نوعية مياه الشرب في مخيمي بيت لحم للاجئين الفلسطينيين/ مخيم عايدة والعزة، فلسطين
Measurement of Water Quality Indicators in Treated Drinking Water in Two Palestinian Refugee Camps
شذى محمد عبد الفتاح العزه
Shatha Mohammad Abdelfttah Alazza
MetadataShow full item record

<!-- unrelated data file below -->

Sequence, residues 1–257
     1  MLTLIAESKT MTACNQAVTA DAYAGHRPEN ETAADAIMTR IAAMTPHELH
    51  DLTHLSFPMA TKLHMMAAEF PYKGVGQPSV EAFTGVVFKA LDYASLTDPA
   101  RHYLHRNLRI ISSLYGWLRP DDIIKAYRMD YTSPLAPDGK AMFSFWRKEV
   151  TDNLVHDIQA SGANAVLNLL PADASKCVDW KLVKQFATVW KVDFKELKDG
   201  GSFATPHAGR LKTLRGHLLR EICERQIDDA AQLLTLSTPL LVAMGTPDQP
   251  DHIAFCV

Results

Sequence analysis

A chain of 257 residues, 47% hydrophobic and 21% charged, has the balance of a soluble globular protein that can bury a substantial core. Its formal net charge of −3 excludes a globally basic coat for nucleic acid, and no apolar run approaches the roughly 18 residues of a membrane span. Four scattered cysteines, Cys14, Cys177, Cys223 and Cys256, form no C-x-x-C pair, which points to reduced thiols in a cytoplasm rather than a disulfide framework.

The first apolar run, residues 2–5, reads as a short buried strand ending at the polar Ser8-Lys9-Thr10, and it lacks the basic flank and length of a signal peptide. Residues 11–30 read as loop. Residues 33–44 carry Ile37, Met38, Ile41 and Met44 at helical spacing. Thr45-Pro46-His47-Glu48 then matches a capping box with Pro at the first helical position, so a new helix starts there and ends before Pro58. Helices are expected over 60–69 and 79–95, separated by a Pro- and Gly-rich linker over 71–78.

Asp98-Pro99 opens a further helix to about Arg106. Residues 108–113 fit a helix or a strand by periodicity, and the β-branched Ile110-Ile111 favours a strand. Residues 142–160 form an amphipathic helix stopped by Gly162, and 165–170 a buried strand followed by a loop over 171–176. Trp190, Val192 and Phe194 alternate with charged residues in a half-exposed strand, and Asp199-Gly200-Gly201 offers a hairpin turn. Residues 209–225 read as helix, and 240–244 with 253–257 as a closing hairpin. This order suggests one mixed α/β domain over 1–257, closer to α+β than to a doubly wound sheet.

This study investigated drinking water quality in two Palestinian refugee camps (Aida and Alazzah; Bethlehem, West Bank). Water samples (n = 720) were collected at three different sampling points along the water distribution line, including community tanks, network pipes and house taps, and analyzed for total coliform and E. coli bacteria and residual chlorine. Samples were collected over 16 months from March 2016 to June 2017. The results show that water from the community tanks, where water is delivered to the camps, were relatively free of bacterial contamination and had the highest residual chlorine concentrations. In contrast, water quality deteriorated downstream of the tanks in both camps. A total of 15/200 and 2/77samples of network-pipe water from Aida and Alazzah Camps, respectively, had elevated levels of total coliform bacteria, and a total of 51/281 and 7/100 samples collected inside homes in Aida and Alazzah Camps, respectively, had elevated levels of total coliform bacteria. E coli was detected in 2 samples from Aida Camp and 1 samples from Alazzah Camp The average residual chlorine was 0.02 mg/L, network pipe and tap water samples, which is significantly less than WHO recommendations (0.2 - 0.8mg/L). These results indicate that the water from the community tap was mostly clean. Conversely, the drinking water in the two camps iscontaminated both in network pipes and water tanks. The concentration of residual chlorine is interlinked with water quality which decreases over the distance the water travels through the system. Thus, the water samples from the households farthest from the community tap were most contaminated by bacteria. The study recommended forBethlehem Water Authority to increase the chlorine in drinking water according to the international standards, and should work with UNRWA to restore and replace the water pipe networks; also they should take action for regular water testing and share the results with the residents of the camps. NGOs that work across the camps can host workshops for the community to inform the residents about water safety and conservation. Moreover, future studies shall be conducted by responsible parts from Bethlehem water authority, UNRWA, and NGOs to better understand water quality in the camps..